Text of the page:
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Spanish Painting up to 1800

Masterpieces / Highlights

The Collection

Javier Portús
Javier Portús
Museo del Prado Senior Curator Spanish Painting (to 1800) [+]

When the Museo del Prado opened in 1819, the only paintings on display were works by Spanish artists, as from the outset there was a clear intent on the part of the Museum to raise the profile of Spanish painting and champion its values. This aim has been maintained over time, and as a result the “Department of Spanish Painting (up to 1800)” includes just over 2,800 Spanish paintings dating from the 12th to the early 19th centuries. These works offer a relatively detailed survey of the principle chapters in the history of Spanish painting, particularly with regard to artists and schools from the Renaissance onwards. Within this collection there are a number of notably important and extensive groups of works by many of the principal painters active in Spain, including Juan de Flandes, Pedro Berruguete, Luis de Morales, Zurbarán, Correa del Vivar, Juan de Juanes, El Greco, Maíno, Ribera, Velázquez, Zurbarán, Alonso Cano, Pereda, Murillo, Luis Meléndez, the Bayeus, Paret or Goya. In almost every case, the Prado’s collection constitutes the largest holding of each artist’s work in any museum. Particularly significant is the representation of Velázquez, of whom the Museum possesses 48 works, representing almost 40% of his known output and furthermore including most of his masterpieces. The Museum also houses 130 paintings by Francisco de Goya, among which you may find fundamental series such as the cartoons for the tapestry paintings and the Black Paintings, as well as a large amount of masterpieces that make the visit to the Prado unavoidable for those who want to have a full grasp of Goya as a painter.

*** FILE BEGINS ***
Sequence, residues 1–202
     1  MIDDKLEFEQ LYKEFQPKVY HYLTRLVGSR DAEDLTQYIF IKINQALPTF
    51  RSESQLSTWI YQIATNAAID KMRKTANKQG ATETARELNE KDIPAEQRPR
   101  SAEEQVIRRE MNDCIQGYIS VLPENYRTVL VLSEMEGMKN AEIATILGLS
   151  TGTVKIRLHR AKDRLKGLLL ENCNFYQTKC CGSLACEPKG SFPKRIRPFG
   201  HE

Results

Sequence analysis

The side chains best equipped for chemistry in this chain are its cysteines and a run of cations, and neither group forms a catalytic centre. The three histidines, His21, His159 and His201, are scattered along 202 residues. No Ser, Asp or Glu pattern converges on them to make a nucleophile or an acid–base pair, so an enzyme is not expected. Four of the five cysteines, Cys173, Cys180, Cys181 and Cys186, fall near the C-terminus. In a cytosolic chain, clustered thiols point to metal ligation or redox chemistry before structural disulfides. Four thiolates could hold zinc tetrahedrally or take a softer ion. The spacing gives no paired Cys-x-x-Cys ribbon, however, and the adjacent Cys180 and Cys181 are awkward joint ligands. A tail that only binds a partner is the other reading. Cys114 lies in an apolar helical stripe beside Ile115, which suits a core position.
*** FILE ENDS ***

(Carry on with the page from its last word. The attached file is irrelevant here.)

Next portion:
In addition to these groups associated with a single artist, the Museum also offers a particularly complete vision of the evolution of the principal pictorial genres in Spain. This is naturally the case with religious painting, but also with the still life and the court portrait. Some of these works are by a single artist, such as the paintings for the altarpiece in the Colegio de Doña María de Aragón by El Greco or the group painted by Vicente Carducho for the Charterhouse of El Paular, Luis Meléndez still-lives for the Prince of Asturias’ Natural History Cabinet or the mentioned Black Paintings. In other cases they are series by various different painters, such as the one executed to decorate the Hall of Realms in the Buen Retiro Palace in Madrid, which involved the participation through competition of the leading artists working at court at that date, among them Velázquez, Maíno, Carducho, Pereda and Zurbarán.

The collection of Spanish painting from prior to 1800 is shown in seven galleries on the Museum’s ground floor, in 29 on the main, first floor and 10 in the Ático Sur. The works are presented in a chronological ordering but one that also highlights connections with other national schools and traditions. Thus, works by Pedro Berruguete are hung close to those of the Early Netherlandish painters, El Greco is near the Venetians, Ribera shares a gallery with the French Caravaggisti and Velázquez’s The Spinners is hung next to Rubens’s The Abduction of Europa. The rooms devoted to Goya on the Main Floor are close to the paintings by XVIII Century international painters.

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